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Hyde Park, Woodlawn, South Shore

Share Your South Shore Stories At A Community Chat Wednesday

Historian John Mark Hansen will join longtime resident Barbara Jackson Lee for a virtual chat about South Shore's storied past at 6 p.m. Wednesday.

The South Shore Cultural Center, 7059 S. South Shore Drive, as seen in July 2019.
Maxwell Evans/Block Club Chicago
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SOUTH SHORE — Neighbors can explore the history of South Shore at a virtual talk headlined by historian and University of Chicago professor John Mark Hansen this week.

Hansen, who published the book “The City in a Garden” about Hyde Park and Kenwood in December, will share his stories about South Shore.

Hansen will be joined by Barbara Jackson Lee, a 40-year resident of Chappel Avenue; other speakers are to be determined. They will discuss everything from architecture to personal experiences to the neighborhood’s history of community organizing.

After the speakers, attendees will have the opportunity to share and discuss their knowledge of South Shore.

You can register for the free event online. It starts 6 p.m. Wednesday.

Wednesday’s conversation is organized by the Bryn Mawr East area council, which serves the area bounded by 71st and 75th streets and Jeffery and Yates boulevards. Area councils are resident groups of 40 or so blocks that formed the backbone of community organizing in South Shore decades ago.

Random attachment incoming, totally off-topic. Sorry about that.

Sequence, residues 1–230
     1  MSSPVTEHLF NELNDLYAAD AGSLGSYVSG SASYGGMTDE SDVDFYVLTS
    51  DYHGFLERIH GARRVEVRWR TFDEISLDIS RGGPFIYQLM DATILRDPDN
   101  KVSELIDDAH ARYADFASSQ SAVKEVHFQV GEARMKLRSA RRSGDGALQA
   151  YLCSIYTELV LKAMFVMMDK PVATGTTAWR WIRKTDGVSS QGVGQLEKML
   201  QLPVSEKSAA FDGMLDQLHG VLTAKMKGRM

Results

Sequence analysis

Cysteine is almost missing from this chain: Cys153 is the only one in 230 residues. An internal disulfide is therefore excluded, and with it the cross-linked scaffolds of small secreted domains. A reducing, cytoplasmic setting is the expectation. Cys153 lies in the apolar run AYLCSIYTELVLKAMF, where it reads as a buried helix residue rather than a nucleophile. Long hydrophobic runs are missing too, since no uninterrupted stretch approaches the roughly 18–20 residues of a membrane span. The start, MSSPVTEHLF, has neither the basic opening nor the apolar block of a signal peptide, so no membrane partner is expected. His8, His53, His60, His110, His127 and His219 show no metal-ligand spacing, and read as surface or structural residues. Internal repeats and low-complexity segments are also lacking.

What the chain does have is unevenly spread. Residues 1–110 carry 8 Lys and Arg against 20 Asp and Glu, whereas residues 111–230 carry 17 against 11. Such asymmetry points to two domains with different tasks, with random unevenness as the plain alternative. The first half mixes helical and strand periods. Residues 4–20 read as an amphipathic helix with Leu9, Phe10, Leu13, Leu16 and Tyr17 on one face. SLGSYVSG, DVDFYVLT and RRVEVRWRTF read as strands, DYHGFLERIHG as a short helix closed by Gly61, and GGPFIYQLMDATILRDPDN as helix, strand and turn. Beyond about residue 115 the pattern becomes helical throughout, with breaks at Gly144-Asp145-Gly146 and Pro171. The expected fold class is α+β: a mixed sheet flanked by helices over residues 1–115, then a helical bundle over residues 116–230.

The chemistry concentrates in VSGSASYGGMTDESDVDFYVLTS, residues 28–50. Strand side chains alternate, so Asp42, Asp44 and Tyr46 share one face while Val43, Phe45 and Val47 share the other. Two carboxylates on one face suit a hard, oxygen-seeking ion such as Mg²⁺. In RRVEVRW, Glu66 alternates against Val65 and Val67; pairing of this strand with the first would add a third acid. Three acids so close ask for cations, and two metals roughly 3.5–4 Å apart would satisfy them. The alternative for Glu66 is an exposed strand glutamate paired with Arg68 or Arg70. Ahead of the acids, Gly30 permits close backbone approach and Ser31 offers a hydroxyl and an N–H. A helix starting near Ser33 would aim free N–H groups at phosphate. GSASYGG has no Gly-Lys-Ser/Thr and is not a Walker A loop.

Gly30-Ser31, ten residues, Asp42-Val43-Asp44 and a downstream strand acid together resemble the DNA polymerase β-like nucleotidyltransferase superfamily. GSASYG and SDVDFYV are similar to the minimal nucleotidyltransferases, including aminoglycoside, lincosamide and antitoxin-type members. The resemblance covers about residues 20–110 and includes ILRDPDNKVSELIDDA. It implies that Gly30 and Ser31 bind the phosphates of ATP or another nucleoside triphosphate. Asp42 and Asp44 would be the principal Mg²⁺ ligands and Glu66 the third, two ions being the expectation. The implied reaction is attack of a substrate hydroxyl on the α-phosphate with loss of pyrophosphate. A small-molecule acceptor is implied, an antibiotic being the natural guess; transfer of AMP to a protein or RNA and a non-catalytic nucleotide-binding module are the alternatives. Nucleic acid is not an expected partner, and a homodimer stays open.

“Since school went back [in session], we said, ‘Why don’t we educate residents about their community?'” council president April Williams-Luster said. “A lot of people know a little bit about the history, but don’t know how South Shore got its name or the different celebrities and people that have lived in the neighborhood.”

The Neighborhood Network Alliance, a South Shore-based nonprofit, has led the effort to restart the area councils and encourage engagement around education, health, economic and other quality of life issues.

A few dozen neighbors came out March 3 for the reboot of the Bryn Mawr East council. Just two weeks later, before another meeting could be held, the stay at home order went into effect.

Despite the adjustments required by the pandemic, the council has continued to gain its footing. Elections were held in July, and a virtual talk on property tax appeals and renters’ rights was held Aug. 19.

There will be a public safety conversation in October, a talk on financial literacy in November and a competition among blocks to see who has the best holiday decorations in December.

The series lets people know the area council “is doing something; that we’re not an organization just in name only,” Williams-Luster said.

Bryn Mawr East council members are also seeking “block liaisons” to inform residents of their blocks about the council, and vice versa. Interested residents within council’s boundaries are encouraged to reach out to

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